It took me an hour and forty-five minutes to make the two-and-a-half hour drive. When I pulled up, the house was black. I didn’t know if she would answer, didn’t know if she was even up still, but I knew deep in my soul that she needed to know someone cared. Someone was going to hold her hand. She answered after one ring and her voice was much the same as it was two hours ago.
“Open the door,” I tell her, and I disconnect. I stand here waiting to see movement. I don’t at first, and then I hear soft footsteps coming down the stairs. The lock clicks on the front door, and ever so slowly, I see her. Her pink pj top goes off the shoulder with matching pants. Her brown eyes puffy from crying.
“What are you doing here?” she asks me, shocked I’m standing here.
“I figured you needed a friend.” I smile at her, and she doesn’t say anything; she just crushes her face into my chest. My arms go around her, the wetness of her tears soaking through my shirt. I pick her up in my arms and walk inside. Sitting on the couch, I cradle her in my arms, rocking her as she cries.
“I gave him everything,” she says, grabbing my shirt in her tiny hand. “I gave up everything for him,” she says quietly so as not to wake the girls. “My dream job,” she says as her sobs soften and her breathing hiccups. “I was a social worker,” she says with her head tucked into the crook of my neck. “I was going to make a difference, even if only to one child. I was going to do my best to make a difference.” I’m so tempted to kiss her head, so tempted, but I don’t. I just listen to her. “But then I got pregnant with Lizzie. I was so happy, and I didn’t think I could be any more in love with another person in my life. The moment they placed her on my chest was overwhelming; it was everything. Eric was the one to tell me perhaps I should stay home. It would be better for her, so I did it. I left my job, but I got to spend every single day with my girl. Then Daisy came, and it was an overabundance of love. My heart grew tenfold, and I thought I was on top of the world. I thought it just doesn’t get better than this. And then to be told that I just wasn’t that up to par for him.” She stands. “That I was just okay, but Hailey was the one who completed him.” She lifts her head to look at me, and I want to hold her face in my hand and wipe away the tears. I want to bring her lips to mine, but I know I can’t. “I gave him two beautiful girls,” she tells me. “They are so beautiful.”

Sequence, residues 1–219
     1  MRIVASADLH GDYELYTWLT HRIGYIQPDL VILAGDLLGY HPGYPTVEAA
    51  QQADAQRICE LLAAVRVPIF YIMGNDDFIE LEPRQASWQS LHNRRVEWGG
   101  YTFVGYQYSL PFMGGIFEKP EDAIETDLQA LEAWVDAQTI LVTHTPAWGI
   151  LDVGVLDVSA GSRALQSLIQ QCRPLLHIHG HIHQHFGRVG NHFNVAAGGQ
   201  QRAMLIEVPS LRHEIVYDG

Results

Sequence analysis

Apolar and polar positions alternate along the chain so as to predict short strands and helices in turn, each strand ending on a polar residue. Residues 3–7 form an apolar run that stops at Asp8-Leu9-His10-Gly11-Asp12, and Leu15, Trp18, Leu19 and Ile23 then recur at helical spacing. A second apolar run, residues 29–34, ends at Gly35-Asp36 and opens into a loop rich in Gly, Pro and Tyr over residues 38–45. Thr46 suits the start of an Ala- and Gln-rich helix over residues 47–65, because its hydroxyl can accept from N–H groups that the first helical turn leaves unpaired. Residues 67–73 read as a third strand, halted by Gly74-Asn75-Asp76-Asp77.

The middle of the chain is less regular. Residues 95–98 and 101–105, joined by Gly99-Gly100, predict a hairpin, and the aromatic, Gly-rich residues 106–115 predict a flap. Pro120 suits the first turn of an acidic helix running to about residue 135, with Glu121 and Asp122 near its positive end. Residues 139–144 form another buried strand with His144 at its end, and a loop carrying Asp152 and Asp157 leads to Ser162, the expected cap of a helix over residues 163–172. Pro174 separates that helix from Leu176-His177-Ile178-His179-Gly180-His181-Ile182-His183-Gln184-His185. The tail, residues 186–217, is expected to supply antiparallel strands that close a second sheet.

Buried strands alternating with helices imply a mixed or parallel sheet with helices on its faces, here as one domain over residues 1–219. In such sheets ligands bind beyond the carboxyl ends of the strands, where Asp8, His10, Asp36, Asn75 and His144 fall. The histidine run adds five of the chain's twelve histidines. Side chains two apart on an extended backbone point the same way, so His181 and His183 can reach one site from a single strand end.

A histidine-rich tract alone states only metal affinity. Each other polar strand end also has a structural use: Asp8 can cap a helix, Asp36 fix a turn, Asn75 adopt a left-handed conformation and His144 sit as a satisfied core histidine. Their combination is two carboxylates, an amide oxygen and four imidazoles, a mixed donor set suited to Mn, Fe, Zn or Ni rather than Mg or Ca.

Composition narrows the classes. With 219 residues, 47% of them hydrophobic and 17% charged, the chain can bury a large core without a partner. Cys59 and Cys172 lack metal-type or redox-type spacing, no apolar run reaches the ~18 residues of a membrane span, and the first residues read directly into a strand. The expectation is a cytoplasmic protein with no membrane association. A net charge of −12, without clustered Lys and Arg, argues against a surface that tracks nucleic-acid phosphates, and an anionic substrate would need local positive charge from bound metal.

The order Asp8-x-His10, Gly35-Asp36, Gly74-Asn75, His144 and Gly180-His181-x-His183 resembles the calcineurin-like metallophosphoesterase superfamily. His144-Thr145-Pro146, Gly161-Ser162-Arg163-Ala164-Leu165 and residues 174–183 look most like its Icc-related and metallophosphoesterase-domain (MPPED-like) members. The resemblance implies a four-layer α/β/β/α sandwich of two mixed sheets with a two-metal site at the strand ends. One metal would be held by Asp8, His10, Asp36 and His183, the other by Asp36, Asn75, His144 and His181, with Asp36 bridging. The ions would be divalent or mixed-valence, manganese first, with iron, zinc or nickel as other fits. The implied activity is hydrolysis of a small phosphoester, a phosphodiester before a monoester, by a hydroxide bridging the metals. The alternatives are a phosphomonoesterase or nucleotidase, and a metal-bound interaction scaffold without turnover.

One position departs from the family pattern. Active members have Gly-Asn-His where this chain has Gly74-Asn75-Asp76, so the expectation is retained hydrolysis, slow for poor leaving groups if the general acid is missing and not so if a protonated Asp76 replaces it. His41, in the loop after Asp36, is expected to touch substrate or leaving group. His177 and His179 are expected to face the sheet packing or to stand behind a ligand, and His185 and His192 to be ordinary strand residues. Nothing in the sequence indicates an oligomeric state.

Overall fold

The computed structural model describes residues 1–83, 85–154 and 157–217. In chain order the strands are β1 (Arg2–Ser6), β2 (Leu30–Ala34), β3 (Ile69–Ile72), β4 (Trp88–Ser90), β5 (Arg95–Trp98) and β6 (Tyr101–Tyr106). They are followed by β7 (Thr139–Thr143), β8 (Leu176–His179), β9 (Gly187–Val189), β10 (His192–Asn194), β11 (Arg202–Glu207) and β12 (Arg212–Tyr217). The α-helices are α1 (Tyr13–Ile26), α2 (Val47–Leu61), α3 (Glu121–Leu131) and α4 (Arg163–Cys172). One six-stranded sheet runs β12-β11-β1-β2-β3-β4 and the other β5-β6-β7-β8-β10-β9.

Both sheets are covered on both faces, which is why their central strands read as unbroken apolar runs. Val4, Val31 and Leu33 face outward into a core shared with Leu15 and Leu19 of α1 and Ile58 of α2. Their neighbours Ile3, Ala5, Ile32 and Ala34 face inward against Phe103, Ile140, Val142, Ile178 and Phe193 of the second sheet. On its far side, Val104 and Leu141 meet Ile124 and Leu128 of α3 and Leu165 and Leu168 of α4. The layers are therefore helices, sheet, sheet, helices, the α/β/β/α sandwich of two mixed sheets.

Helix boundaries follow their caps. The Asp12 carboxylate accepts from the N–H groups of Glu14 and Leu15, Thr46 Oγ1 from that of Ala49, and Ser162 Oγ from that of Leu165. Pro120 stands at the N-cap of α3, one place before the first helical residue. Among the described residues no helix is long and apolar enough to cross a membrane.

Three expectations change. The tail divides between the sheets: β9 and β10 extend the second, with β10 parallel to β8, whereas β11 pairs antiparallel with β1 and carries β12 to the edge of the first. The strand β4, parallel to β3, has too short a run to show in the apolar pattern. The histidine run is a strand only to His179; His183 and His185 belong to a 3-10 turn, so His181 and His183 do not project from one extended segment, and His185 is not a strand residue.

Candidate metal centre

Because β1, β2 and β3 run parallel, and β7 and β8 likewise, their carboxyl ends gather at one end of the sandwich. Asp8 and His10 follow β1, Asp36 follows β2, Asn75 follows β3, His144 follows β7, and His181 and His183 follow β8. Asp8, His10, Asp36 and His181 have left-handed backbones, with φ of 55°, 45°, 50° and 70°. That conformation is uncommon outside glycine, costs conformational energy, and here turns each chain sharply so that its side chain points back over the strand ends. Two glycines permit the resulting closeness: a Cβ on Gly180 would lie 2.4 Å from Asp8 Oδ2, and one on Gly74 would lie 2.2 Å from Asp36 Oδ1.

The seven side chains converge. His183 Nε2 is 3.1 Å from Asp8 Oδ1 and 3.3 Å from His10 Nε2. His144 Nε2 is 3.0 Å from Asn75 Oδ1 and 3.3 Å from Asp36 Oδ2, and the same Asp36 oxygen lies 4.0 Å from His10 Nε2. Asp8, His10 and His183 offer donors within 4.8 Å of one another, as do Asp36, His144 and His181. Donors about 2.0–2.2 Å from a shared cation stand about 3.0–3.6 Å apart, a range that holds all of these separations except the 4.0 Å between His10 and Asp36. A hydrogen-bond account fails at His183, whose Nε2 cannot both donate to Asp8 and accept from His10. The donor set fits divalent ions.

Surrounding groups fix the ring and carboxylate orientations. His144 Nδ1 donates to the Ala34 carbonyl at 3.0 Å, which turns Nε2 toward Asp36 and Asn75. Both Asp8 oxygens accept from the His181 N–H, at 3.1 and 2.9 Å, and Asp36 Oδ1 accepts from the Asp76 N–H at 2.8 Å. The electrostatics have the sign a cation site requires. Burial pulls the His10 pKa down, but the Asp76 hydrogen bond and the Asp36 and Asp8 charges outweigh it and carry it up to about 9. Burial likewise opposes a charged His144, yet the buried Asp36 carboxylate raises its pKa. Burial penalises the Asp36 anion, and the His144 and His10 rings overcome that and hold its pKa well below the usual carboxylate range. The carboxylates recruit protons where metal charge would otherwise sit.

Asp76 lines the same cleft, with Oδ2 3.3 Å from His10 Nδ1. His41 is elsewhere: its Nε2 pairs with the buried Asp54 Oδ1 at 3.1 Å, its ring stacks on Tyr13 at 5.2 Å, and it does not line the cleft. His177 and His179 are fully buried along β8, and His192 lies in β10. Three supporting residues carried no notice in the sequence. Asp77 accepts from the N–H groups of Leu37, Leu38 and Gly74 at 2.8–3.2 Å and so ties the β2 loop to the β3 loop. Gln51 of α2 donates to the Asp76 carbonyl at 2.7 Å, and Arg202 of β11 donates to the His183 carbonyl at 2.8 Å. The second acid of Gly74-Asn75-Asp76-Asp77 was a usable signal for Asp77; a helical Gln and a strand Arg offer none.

“They are,” I agree with her. “Just like their mom.”
“How didn’t I know?” she asks. She’s looking at me like I have all the answers in the world, but I don’t.
“You trusted him and believed in him. This isn’t on you,” I tell her, my hands itching to touch her.
“I believed him. I believed that he was just as fucking complete as I was. Boy, was I wrong.” She shakes her head, standing in the middle of the huge room. I finally see her with the moonlight streaming in, and her face is fuller. It isn’t sunken in. Her eyes, even though she has been crying, are different.
“When was the last time you looked in the mirror?” I ask her, the question surprising her.
She opens her hands in front of her. “I have no idea.”
“Well, I suggest you do,” I tell her, standing up. “I saw you less than a month ago, and you’ve changed.” She looks at me, not understanding, so I grab her hand in mine. Our fingers fit almost perfectly. I push aside the feeling of her hand in mine and bring her to the kitchen with its sunny paint. I turn on the light and look around. “It was dead before,” I tell her. “The walls were white and dead, and now it’s sunny and full of life.” I release her hand and turn around. “This is your sunshine; you did this, and you did it for your girls.” I take a picture of the three of them with yellow paint on their hands off the fridge. “Look at the girls. You did that, not Eric.” I don’t stop there. I grab her hand and lead her back into the living room. “This,” I tell her, “you’re living, you’re doing what he isn’t. You’re fucking living, and you’re doing it, telling him to fuck off. You’re doing it for your girls; don’t let him win that. Not again.”